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13 Farm-to-Table Restaurants to Check Out in Washington, DC
Indulge in inspired cuisine made from local fare at these DC eateries.
The word “locavore” (defined as, “one who eats foods grown locally whenever possible”) was added to the Merriam-Webster Dictionary a few years back; it’s also a concept that rules at many Washington, DC restaurants. With that in mind, we’ve compiled a list of must-try spots that source what’s on their plates from nearby states.
Tucked inside the Park Hyatt Washington, this fine American restaurant serves the bounty of the Mid-Atlantic with refreshingly little pretension. Diners enter through the grand front door or like family through the open kitchen. All produce – from eggs to crabs (in season) – is locally sourced. Each purveyor receives equal billing to its starring dish on breakfast, lunch and dinner menus. The results are as American as apple pie which just so happens to be its signature dessert.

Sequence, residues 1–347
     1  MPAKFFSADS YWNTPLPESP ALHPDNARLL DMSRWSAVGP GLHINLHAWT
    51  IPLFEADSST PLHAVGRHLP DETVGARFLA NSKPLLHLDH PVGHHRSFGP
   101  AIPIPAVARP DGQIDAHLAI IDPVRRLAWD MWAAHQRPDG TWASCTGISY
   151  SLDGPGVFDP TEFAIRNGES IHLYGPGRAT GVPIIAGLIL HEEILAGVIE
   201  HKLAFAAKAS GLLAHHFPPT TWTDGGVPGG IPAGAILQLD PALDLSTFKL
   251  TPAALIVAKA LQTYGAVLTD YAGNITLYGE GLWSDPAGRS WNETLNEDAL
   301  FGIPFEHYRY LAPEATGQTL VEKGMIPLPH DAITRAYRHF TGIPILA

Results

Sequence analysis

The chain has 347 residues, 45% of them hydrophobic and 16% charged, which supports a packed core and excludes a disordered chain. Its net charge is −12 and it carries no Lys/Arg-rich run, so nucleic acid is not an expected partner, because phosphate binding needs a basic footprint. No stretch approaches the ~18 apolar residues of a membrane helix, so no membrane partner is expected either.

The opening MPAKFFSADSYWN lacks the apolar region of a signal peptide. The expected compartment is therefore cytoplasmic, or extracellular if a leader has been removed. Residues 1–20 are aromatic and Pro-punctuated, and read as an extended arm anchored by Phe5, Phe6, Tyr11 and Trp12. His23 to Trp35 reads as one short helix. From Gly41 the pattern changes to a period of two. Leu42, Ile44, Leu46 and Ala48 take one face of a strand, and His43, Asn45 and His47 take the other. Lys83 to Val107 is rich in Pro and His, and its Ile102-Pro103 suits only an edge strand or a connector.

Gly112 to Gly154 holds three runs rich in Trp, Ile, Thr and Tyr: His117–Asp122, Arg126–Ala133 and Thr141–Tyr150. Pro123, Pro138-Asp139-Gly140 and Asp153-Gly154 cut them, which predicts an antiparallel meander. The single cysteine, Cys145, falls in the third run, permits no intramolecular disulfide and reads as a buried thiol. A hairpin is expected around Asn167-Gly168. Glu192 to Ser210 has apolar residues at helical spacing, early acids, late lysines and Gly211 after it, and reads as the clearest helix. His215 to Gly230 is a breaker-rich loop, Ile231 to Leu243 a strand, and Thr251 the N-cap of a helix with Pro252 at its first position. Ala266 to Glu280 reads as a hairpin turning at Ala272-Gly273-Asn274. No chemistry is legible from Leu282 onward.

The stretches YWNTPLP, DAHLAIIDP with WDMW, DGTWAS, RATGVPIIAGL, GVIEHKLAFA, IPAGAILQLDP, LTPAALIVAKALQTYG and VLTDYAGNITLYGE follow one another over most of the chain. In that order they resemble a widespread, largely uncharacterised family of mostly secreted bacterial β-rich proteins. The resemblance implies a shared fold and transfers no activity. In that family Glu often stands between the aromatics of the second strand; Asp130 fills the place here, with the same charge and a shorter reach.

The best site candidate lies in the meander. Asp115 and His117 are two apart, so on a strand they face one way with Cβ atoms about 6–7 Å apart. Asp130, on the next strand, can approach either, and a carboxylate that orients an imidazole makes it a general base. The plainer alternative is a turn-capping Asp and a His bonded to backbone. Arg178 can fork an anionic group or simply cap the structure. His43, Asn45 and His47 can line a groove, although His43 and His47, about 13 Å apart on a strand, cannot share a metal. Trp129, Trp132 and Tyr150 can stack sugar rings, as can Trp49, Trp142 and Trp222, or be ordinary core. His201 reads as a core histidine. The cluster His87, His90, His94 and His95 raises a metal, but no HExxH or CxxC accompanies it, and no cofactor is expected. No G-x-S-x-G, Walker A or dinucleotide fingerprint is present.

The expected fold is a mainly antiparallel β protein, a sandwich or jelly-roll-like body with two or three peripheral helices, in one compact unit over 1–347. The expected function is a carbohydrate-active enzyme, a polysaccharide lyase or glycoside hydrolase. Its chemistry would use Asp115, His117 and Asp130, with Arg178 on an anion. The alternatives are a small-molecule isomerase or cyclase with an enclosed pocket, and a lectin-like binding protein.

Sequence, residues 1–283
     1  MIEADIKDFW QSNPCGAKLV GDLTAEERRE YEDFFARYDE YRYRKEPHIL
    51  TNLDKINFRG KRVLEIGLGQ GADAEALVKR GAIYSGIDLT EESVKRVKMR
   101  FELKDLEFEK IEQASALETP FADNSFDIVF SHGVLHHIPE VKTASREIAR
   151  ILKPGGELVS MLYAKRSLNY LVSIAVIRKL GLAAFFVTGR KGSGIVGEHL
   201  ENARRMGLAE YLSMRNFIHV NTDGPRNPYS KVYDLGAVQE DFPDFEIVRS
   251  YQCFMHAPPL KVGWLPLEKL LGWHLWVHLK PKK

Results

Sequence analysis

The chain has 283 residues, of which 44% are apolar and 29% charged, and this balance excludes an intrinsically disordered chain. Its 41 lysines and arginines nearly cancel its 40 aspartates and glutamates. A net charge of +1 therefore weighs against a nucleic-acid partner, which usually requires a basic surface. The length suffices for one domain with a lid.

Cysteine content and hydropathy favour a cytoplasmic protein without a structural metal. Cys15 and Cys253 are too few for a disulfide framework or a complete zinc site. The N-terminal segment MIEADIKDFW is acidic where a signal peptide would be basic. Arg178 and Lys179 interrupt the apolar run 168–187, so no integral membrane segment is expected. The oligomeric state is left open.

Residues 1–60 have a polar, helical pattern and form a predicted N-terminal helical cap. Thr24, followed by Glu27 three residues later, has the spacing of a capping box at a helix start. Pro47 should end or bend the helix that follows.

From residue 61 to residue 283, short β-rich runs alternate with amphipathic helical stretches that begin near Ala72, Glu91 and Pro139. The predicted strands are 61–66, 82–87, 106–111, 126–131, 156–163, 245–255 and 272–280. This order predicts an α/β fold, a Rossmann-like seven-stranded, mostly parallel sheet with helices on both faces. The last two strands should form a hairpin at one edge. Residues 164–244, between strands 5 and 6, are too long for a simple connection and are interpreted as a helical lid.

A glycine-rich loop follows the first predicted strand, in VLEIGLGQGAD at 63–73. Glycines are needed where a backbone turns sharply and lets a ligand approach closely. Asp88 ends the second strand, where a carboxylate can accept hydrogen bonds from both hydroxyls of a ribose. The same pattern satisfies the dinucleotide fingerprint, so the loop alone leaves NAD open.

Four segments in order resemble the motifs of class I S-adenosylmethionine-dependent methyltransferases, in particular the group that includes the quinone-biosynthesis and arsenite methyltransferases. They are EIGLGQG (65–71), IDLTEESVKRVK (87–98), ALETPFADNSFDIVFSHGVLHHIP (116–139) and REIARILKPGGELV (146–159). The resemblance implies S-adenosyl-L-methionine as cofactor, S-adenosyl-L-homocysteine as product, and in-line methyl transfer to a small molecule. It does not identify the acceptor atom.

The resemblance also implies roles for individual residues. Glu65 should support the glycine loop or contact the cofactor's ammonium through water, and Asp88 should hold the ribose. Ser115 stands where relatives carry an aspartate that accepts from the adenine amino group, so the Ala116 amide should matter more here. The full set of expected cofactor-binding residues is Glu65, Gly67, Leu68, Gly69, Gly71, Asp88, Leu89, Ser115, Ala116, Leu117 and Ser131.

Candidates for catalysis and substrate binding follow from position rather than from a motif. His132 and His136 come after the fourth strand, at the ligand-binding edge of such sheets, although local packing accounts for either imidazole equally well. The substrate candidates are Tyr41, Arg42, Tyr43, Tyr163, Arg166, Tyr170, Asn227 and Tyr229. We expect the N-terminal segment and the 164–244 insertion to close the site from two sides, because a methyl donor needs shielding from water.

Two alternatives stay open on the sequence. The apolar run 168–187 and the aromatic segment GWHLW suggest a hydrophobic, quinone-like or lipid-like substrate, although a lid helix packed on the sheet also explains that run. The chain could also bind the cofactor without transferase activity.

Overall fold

Inside the bustling food hall at Union Market, this retro-cool seafood house offers innovatively farmed Chesapeake oysters raw, grilled and turned into chowder. Sitting at the long bar or at nearby tables, you can also tuck into other seafood dishes like Maryland crab cakes and tuna tartare. Wash it all down with Virginia wines, local beers and a long list of interesting cocktails.
Produce and meat from family farms both regional and national (North Dakota beef!) show up on the menu at this Foggy Bottom favorite, where crowds line up for corn bread, deviled eggs, hearty salads, made-from-scratch pastas and signature dishes like chicken pot pie and chicken and waffles. Drinks, many powered by house-squeezed juices, are also a star in cocktails poured in the rustic-mod, high-ceilinged space.